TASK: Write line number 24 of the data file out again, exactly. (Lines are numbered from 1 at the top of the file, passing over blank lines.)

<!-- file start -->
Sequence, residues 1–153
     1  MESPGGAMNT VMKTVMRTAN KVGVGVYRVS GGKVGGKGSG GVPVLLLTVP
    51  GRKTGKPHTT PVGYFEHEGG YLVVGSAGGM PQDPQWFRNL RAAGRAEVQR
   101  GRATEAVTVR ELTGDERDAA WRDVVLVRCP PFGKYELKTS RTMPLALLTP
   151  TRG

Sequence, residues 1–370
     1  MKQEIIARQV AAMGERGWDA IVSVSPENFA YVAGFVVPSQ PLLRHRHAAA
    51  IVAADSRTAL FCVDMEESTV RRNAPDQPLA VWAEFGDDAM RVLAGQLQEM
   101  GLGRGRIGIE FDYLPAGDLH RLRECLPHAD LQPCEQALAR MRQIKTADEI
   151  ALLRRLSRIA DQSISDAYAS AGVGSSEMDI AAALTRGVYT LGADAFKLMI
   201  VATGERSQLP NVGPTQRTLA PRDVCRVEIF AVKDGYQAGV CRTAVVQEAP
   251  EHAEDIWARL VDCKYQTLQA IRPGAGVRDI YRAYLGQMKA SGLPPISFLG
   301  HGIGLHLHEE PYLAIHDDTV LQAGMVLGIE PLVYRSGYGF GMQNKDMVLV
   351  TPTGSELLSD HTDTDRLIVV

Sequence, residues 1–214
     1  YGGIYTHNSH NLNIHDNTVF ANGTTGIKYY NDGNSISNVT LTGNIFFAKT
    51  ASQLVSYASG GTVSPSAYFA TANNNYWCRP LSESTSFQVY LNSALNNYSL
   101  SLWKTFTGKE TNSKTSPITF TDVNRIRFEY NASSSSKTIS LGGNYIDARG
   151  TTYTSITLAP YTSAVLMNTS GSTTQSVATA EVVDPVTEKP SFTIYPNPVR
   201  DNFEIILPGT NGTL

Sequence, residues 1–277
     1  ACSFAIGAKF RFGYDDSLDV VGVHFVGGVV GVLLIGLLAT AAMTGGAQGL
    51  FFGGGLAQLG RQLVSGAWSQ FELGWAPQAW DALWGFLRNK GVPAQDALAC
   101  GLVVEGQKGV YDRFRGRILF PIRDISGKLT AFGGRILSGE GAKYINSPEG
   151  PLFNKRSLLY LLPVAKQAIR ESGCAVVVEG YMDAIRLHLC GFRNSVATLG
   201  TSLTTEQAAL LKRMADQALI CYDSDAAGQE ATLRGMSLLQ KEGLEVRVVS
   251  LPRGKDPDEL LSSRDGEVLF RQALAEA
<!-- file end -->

   101  GLVVEGQKGV YDRFRGRILF PIRDISGKLT AFGGRILSGE GAKYINSPEG